Ripping the bandaid off of the Sunk Cost Fallacy Issue



  • So recently (past year to date) there has been an ongoing project to 'find a solution' to a desired end product. Within a month of starting the project, a solution was found, but it didn't work in the 1% of cases that may occur.

    Which this 1% of cases, we don't provide the platform, just the service.

    We have two options, and both options work in similar fashion, one cost money, the other does not. One is complex, takes time to configure, and a massive trouble to actually troubleshoot should something occur.

    This solution also works in a manner that our platform isn't designed for, and often has all kinds of issues.

    The other solution, is free, works within our platform, way easier to troubleshoot as well as setup and easy to teach to our service providers.

    So today the expensive solution again, breaks, looks like crap, and Employee A says "Gah I'm going to stay here and figure it out, why it breaks and make it work!"

    I'm standing here, biting my tongue at this, as this isn't the only time that the solution has gone belly up. And actually made the business look ridiculous in front of our customers.

    So I load up software B (the free one), and send it out to the powers that be, and give them a 5 minute demo. They love it, it works, it's simple, and I tell them, that software B needs to be our go to solution. We can't be reliant on software that seems to break every time someone farts.

    Well the employee sees me demo this and more or less loses it. Saying things like "I need your help to get this to work", "I'm done" etc...

    Which I'm past caring about this employee and their attempt to save face, or whatever it is they're trying to do.

    Of the two solutions, one works within our platform, and cost us nothing. The other cost money, works sometimes and adds way more complexity to the end product.

    To employee, whatever reasoning you have for being hard stuck on trying to force this solution, realize you're wasting business time, money and effort.

    Let it go, it may work in the 1% of cases, but that 1% of cases, isn't something that we as a business need to kill our selves over.



  • Wow. Reminds me of this:

    0_1484698453965_Sl5KZfX.gif



  • @Tim_G feels a lot like it.... what kills me about this is the employee uses every possible excuse of "well this changed" or "they used it".

    Which people and the systems are going to change, that can't be the reasoning for it. The platform will update. We can't control that, the platform provider does.



  • @DustinB3403 said in Ripping the bandaid off of the Sunk Cost Fallacy Issue:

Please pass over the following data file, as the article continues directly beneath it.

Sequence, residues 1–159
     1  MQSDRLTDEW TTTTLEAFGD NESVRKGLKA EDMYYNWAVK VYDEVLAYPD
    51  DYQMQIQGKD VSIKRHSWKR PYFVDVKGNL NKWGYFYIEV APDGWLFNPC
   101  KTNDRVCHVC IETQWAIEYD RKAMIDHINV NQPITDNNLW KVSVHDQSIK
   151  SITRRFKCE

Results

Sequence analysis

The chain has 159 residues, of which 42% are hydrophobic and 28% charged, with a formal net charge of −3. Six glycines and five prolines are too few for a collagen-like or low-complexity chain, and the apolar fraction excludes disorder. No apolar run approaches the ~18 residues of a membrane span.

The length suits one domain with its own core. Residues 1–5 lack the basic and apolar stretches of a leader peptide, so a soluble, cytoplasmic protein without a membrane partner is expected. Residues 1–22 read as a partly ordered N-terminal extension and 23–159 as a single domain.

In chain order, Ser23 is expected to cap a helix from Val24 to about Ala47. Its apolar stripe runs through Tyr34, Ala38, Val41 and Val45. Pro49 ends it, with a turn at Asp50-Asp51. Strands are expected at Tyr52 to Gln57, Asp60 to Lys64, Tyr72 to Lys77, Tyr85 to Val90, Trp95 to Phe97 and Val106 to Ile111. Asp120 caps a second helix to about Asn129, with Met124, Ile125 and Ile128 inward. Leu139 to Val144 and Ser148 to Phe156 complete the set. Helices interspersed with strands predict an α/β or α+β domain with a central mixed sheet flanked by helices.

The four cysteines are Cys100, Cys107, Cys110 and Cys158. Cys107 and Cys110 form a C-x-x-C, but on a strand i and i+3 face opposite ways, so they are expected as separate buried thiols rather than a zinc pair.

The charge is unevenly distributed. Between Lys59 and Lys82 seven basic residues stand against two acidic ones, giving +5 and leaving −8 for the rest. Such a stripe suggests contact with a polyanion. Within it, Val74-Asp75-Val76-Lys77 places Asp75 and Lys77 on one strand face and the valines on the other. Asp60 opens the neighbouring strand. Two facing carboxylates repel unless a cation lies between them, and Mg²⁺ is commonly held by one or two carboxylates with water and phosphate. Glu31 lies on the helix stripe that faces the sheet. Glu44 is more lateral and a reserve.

@Tim_G feels a lot like it.... what kills me about this is the employee uses every possible excuse of "well this changed" or "they used it".

    Which people and the systems are going to change, that can't be the reasoning for it. The platform will update. We can't control that, the platform provider does.

    Another point, is that what about when your own platform changes? Which of the two solutions are more likely to continue working through your platform change? Surely not the expensive one that barely works as it is and can't support it's own weight and changes.



  • ...I don't know anything about the platform your company provides, but just saying.



  • Oh thank god.

    uBlock to the rescue - was able to block punching cow... I really wish I could have just stopped it from cycling...



  • @DustinB3403 said in Ripping the bandaid off of the Sunk Cost Fallacy Issue:

    @Tim_G feels a lot like it.... what kills me about this is the employee uses every possible excuse of "well this changed" or "they used it".

    Which people and the systems are going to change, that can't be the reasoning for it. The platform will update. We can't control that, the platform provider does.

    Assuming he spearheaded that other software, he's just trying to safe face.

    Sadly so many managers only ever look at things like that as a failure instead of a learning experience and hold it against people.



  • @Dashrender That is what it appears to be. So I stood in the way and basically went to the people in charge and said listen we need to use this solution not the other one, the other one just has too many issues, it's too complex, and has issues doing the basics of what we need.



  • @Tim_G Just read this on my laptop, we don't provide the platform, just services.

    We use 1 platform which we provide services over, 99% of the time. And this employee is working to get a solution that works for the other 1% because I assume.

    1 solution that works for all, is the simplest. . . . except if it doesn't work......



  • @Dashrender said in Ripping the bandaid off of the Sunk Cost Fallacy Issue:

    @DustinB3403 said in Ripping the bandaid off of the Sunk Cost Fallacy Issue:

    @Tim_G feels a lot like it.... what kills me about this is the employee uses every possible excuse of "well this changed" or "they used it".

    Which people and the systems are going to change, that can't be the reasoning for it. The platform will update. We can't control that, the platform provider does.

    Assuming he spearheaded that other software, he's just trying to safe face.

    Sadly so many managers only ever look at things like that as a failure instead of a learning experience and hold it against people.